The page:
Career Focus- Working in the construction industry

Career Focus- Working in the construction industry

2020 is a promising time to begin working in the construction industry. In 2017 there were around 2.73 million people employed either directly or indirectly by the construction industry. By 2020 they forecast this to increase by 1.5% to around 2.77 million.*

That means one thing is definite: more jobs for those already in the industry.  The earlier someone enters the industry, the sooner they can start building their skills and experience. Then when new jobs arise, they’ll be more likely to get them.

About working in the construction industry

The construction industry, or ‘built environment’ as it is sometimes referred to, is vast in size and scale. Working in construction could mean building houses, designing bridges or fixing leaky taps. Project sizes could range from a garden shed to the Olympic Stadium. This means that the variety of roles within the industry is large as well. Roles can stretch across the project timeline, from architects in the early stages to decorators near the completion. You’ll find all types of people in the construction industry, from analytical thinkers to hard grafters.

Why you should consider working in the construction industry

One of the best reasons to become an experienced and qualified worker in the construction industry is that it isn’t restricted to one industry. As an example, with additional qualifications and skills, being a construction worker can be a fast-track into the rail industry. A lot of the applied skills are transferable and recognised within both industries.

Jobs in the Construction Industry- Architects

An architect’s main role is the designing of buildings and projects. They’re responsible for the early stage of the project, planning the building and structure.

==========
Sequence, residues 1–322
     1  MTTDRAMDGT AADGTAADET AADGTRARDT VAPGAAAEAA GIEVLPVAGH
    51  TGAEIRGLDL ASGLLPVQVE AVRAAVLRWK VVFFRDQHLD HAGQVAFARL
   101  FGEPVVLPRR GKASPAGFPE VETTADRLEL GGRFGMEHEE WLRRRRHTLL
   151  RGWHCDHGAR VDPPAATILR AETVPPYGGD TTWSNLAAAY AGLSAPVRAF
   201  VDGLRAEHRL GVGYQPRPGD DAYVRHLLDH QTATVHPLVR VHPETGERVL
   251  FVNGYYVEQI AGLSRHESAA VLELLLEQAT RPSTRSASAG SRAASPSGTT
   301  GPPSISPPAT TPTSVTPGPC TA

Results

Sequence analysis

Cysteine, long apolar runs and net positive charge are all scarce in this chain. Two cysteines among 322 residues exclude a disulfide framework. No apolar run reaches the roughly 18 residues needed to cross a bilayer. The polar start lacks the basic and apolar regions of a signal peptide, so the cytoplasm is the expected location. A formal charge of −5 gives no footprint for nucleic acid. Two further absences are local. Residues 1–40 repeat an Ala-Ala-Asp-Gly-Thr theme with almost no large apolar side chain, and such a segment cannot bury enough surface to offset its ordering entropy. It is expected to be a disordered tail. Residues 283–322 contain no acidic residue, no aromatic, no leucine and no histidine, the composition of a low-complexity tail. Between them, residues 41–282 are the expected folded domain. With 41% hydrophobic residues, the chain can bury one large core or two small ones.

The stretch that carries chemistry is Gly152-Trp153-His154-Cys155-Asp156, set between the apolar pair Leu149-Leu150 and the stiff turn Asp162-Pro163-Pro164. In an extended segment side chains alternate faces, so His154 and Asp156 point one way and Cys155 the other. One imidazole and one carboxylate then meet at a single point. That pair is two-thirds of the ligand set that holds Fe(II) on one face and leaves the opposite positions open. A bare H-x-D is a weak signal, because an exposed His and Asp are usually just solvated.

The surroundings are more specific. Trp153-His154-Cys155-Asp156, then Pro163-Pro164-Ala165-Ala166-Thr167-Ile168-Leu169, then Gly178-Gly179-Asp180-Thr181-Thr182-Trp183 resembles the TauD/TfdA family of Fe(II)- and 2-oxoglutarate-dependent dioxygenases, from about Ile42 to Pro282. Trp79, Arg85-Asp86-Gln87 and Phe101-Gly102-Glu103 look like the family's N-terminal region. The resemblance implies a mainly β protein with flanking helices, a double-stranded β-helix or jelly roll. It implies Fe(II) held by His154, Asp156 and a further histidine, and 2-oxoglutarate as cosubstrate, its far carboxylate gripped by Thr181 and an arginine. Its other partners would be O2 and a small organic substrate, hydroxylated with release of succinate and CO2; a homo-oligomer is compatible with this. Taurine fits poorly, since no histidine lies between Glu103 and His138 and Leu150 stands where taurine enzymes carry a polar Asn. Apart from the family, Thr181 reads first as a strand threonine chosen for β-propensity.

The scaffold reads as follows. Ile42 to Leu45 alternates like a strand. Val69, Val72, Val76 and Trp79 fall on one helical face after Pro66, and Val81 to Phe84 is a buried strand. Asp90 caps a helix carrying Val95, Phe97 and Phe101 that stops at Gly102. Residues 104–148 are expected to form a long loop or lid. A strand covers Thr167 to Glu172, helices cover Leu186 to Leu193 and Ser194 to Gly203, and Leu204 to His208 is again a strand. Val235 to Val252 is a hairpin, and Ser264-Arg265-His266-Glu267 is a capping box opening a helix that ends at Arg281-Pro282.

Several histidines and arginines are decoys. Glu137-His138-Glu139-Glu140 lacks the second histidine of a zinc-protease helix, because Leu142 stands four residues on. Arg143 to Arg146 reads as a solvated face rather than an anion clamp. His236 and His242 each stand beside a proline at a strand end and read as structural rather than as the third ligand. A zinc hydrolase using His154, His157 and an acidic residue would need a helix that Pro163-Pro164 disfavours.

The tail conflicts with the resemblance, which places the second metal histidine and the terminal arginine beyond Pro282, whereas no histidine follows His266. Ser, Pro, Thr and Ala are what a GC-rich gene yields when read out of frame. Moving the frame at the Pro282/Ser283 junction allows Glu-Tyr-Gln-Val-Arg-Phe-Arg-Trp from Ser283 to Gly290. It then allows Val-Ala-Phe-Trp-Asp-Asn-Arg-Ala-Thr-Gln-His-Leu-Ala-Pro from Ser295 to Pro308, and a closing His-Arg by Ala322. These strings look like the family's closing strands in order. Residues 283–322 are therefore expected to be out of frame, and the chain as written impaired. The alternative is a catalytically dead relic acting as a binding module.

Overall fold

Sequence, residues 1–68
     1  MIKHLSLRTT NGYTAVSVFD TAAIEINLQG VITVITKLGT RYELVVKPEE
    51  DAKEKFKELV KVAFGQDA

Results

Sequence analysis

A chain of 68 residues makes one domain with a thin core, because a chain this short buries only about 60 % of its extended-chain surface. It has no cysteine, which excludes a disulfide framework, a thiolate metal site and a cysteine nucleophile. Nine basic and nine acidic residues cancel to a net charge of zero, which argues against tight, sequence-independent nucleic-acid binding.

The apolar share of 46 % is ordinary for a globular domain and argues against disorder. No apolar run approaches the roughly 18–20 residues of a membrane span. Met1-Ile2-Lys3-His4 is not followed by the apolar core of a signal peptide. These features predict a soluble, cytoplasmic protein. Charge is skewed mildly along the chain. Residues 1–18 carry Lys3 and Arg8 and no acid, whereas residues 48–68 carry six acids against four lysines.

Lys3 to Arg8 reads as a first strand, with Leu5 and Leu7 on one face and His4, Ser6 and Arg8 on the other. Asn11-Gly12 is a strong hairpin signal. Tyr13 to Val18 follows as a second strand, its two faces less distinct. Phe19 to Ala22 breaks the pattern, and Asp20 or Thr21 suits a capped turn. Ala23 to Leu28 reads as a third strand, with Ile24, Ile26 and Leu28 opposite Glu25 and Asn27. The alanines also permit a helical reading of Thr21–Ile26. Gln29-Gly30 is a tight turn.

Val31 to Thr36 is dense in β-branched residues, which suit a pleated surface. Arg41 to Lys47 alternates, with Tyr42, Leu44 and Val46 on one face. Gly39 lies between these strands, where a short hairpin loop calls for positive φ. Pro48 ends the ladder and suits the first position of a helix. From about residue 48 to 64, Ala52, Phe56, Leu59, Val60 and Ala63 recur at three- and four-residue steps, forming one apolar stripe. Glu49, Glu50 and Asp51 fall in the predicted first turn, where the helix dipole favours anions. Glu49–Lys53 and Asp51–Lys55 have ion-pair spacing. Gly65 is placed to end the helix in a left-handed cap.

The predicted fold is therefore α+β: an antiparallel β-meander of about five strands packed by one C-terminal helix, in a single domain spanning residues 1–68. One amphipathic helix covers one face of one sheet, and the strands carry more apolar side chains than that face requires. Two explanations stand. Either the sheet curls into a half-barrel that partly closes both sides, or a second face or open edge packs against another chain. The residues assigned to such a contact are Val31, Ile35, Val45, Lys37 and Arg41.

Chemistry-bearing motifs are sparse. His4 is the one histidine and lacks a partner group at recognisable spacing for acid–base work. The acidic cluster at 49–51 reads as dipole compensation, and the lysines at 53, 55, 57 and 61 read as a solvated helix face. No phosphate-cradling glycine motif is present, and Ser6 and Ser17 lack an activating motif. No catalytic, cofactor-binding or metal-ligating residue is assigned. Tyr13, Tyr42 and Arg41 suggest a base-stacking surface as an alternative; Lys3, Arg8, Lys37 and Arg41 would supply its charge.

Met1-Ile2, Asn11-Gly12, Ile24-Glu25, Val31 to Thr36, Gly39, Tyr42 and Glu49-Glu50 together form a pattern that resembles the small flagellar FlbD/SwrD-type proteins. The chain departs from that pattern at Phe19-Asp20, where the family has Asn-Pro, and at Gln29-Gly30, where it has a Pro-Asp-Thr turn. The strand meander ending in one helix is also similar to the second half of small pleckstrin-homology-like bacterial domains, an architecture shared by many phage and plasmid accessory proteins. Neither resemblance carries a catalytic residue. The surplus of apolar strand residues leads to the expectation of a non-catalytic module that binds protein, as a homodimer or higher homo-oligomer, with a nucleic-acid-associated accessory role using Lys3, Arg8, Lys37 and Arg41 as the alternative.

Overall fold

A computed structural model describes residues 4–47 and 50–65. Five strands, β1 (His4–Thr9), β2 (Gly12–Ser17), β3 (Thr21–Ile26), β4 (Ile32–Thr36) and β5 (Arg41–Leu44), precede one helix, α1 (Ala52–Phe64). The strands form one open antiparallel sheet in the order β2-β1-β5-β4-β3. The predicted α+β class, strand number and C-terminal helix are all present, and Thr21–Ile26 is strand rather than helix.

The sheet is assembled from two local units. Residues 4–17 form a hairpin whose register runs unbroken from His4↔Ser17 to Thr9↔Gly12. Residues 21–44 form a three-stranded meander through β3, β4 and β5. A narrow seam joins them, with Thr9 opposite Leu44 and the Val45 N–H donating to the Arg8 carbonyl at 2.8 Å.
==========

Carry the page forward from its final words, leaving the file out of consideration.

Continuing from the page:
Jobs in the Construction Industry- Surveyors

Construction industry surveyors come in two disciplines: building surveyors and quantity surveyors. Building surveyors take care of reporting on a building’s condition. Quantity surveys are responsible for the budget of the project. Including what the estimated cost will be and how that changes throughout the project.

Jobs in the Construction Industry- Civil/ Structural Engineers

Civil and structural engineers take the designs from architects and make sure they work in detail. They’re responsible for the structural and foundational security of the project and they can be in the office or out on-site.

Jobs in the Construction Industry- Site and Construction Managers

Site and construction managers are the people on the ground ensuring the construction project goes to plan. By managing the laborers and tradespeople, they’re responsible for making sure the project finishes on time to a high standard.

Jobs in the Construction Industry- Trades

From plumbers to scaffolders, every construction project requires the skills of a person trained in a specialist area. Getting started as a tradesperson means a long training period and qualification with a certified body.

Jobs in the Construction Industry- Labourer

Labourers are the general workers on construction sites. Their main role is to support the tradespeople, site managers and construction managers in their works. Working as a labourer can involve heavy lifting, light works, and other manual duties. Becoming a labourer can be a good entry point as it requires little-to-no qualifications.

At Crewit Resourcing, we’re specialists in the construction industry. If you’re looking for your next role or looking to hire a construction worker, you can find out more on our construction recruitment page here.

*https://www.statista.com/topics/3797/construction-industry-in-the-uk/